Sun | Jan 20, 2019

Poor take-up forces better terms for NIF $1.5b loan facility

Published:Friday | September 26, 2014 | 12:00 AM
Audrey Deer-Williams, senior director of investments at the National Insurance Fund.

Avia Collinder, Business Reporter

Parliament has appro-ved the extension of the $1.5 billion line of credit from the National Insurance Fund (NIF) by four years, from an end date of April 2018 to April 2022.

The loan limit has been hiked from $5 million to $15 million, and the life of the loan extended from five to seven years.

The financing window for SMEs was launched in Septem-ber 2013 and in that one year, had take-up of just $250 million, according to NIF senior inves-tment director, Audrey Deer-Williams. The new conditions are meant to make the facility more attractive to businesses.

The NIF funds are made available to financial institutions for on-lending through the Development Bank of Jamaica (DBJ) and is the second such facility to be backed by the state-operated pension fund.

"We had to make it more attractive so it can act as the stimulus we intend it to be," said the NIF official. The original loan limit, she noted, was set in 2006.

The NIF manages the proceeds of national insurance con-tributions and disburses pensions to retired contributors. The fund is now valued at approximately $70 billion, having regained lost ground during the national debt swap last year, which had reduced the fund to $63 billion.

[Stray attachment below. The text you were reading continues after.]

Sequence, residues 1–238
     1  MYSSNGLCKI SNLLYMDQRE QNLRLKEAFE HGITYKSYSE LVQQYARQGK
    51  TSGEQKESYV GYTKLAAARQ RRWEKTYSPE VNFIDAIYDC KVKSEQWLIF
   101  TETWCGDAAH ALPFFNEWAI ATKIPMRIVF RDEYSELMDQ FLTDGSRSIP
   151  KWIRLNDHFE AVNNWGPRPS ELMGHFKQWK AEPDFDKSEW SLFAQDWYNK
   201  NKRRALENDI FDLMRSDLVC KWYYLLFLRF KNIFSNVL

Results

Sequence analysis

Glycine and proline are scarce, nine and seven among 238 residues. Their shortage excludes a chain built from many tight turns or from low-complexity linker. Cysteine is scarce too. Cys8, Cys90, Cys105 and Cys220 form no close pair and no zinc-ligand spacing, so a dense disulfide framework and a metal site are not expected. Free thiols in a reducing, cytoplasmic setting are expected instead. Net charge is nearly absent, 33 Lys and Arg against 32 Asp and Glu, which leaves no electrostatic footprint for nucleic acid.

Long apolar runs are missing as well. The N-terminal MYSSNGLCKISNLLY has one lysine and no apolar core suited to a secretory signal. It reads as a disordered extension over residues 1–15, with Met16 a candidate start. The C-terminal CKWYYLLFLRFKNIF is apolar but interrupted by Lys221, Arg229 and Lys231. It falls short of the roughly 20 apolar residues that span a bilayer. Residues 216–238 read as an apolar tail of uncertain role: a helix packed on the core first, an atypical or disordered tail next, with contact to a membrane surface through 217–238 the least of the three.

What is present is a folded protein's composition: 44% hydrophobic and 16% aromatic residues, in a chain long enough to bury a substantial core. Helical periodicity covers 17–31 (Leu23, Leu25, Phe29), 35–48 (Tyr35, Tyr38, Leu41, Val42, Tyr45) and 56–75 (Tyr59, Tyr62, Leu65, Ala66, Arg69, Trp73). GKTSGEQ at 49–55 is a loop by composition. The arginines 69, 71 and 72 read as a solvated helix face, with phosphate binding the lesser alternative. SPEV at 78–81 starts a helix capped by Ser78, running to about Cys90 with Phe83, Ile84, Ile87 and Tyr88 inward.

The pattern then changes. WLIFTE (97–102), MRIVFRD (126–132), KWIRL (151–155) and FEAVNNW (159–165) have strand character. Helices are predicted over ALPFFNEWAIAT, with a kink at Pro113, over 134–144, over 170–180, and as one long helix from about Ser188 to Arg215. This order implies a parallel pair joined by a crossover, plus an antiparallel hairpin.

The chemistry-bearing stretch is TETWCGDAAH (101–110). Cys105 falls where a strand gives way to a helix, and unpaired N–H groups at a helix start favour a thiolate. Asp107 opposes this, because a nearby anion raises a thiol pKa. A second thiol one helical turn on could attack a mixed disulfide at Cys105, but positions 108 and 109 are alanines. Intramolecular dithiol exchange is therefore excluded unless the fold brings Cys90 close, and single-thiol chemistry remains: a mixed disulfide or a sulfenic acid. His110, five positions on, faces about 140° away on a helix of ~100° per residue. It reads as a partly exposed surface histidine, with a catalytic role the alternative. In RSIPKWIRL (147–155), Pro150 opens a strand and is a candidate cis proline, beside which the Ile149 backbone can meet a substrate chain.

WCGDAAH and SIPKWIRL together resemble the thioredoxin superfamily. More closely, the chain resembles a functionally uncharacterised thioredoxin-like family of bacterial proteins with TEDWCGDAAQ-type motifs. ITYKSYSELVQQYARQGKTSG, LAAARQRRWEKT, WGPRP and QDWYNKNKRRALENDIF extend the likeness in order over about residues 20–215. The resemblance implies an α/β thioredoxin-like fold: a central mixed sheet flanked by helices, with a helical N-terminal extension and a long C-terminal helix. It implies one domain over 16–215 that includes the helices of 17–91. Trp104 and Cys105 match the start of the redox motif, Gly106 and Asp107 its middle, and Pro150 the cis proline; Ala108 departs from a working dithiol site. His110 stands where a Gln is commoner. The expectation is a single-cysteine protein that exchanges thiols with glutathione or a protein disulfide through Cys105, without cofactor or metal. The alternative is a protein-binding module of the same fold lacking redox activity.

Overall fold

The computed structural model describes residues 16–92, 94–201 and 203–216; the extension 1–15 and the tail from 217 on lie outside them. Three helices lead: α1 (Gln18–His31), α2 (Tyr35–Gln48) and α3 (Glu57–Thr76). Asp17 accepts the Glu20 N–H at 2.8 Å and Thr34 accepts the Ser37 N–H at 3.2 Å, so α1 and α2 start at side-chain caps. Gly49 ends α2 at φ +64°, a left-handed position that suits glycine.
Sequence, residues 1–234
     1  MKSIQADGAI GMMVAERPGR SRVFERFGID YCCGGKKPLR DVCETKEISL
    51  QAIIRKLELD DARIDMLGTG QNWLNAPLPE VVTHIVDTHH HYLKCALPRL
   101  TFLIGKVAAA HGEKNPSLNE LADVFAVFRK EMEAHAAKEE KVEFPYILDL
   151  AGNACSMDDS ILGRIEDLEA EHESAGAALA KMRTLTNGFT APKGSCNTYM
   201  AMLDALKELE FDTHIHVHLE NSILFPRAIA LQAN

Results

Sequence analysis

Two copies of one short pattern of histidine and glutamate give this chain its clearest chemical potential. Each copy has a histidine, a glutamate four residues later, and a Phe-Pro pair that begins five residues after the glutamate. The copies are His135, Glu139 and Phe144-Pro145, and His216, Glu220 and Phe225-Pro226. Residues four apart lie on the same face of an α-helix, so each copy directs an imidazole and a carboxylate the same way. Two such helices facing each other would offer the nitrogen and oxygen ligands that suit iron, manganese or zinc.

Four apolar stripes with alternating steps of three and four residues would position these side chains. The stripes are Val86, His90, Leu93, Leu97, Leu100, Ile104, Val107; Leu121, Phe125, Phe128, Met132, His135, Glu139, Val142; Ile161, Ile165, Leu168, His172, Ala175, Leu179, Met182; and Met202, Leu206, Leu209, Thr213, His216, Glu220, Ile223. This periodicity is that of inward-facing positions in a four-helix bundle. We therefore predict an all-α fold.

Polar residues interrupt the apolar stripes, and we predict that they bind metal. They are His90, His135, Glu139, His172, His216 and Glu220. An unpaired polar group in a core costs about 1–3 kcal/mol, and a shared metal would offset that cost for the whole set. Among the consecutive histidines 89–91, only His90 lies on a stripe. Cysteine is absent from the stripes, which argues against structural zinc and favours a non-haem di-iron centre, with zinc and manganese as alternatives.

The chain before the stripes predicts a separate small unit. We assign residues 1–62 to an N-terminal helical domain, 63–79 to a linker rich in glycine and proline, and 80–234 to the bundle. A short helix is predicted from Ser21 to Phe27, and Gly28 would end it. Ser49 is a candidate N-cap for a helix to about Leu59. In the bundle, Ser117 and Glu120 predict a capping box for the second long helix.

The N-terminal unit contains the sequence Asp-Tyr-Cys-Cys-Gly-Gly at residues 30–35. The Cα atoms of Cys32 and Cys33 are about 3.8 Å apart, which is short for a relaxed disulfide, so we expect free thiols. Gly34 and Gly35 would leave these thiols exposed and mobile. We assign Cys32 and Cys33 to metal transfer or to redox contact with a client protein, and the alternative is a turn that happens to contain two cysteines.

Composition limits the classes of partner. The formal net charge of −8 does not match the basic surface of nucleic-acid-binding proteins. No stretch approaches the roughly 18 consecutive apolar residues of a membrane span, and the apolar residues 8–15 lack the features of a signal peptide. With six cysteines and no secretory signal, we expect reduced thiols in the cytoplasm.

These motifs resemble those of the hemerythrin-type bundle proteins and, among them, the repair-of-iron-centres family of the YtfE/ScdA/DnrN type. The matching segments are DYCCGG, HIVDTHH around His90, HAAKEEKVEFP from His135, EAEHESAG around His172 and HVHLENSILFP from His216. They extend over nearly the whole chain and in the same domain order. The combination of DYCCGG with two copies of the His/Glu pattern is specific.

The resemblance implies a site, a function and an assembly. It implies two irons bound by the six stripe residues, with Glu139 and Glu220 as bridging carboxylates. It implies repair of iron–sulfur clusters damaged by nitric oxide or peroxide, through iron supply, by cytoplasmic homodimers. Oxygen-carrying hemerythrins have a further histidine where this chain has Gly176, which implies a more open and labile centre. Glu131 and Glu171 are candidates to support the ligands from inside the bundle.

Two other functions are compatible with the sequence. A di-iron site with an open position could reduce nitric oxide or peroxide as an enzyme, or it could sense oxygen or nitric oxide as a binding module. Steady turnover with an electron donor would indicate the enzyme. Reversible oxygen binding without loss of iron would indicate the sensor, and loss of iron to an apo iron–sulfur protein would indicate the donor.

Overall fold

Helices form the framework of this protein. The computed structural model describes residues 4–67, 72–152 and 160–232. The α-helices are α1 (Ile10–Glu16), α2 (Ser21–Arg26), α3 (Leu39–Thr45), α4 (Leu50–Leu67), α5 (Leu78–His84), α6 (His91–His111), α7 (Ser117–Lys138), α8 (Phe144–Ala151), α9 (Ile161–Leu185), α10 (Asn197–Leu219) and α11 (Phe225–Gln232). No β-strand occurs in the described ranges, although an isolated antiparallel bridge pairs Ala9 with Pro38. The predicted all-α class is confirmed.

"We have significant resources denominated in US dollars as well as appreciation in real estate values," Deer-Williams stated, explaining the ball-park growth of 11 per cent.

SMEs borrow at rates of up to 10 per cent under the credit line. The NIF earns about four per cent from the facility.

The credit line is intended for small and medium enterprises in five sectors - agriculture, agricultural processing, manufacturing, manu-facturing services, the services sector, the trading sector, and a category described as work study.

The four per cent return to the pension fund is the same as that earned on the first NIF credit facility of $934 million in 2006 when the agricultural sector received the major share of the disbursements - 33 per cent.

The line operates as a revolving fund with amounts repaid made available to the market again during the life of the facility.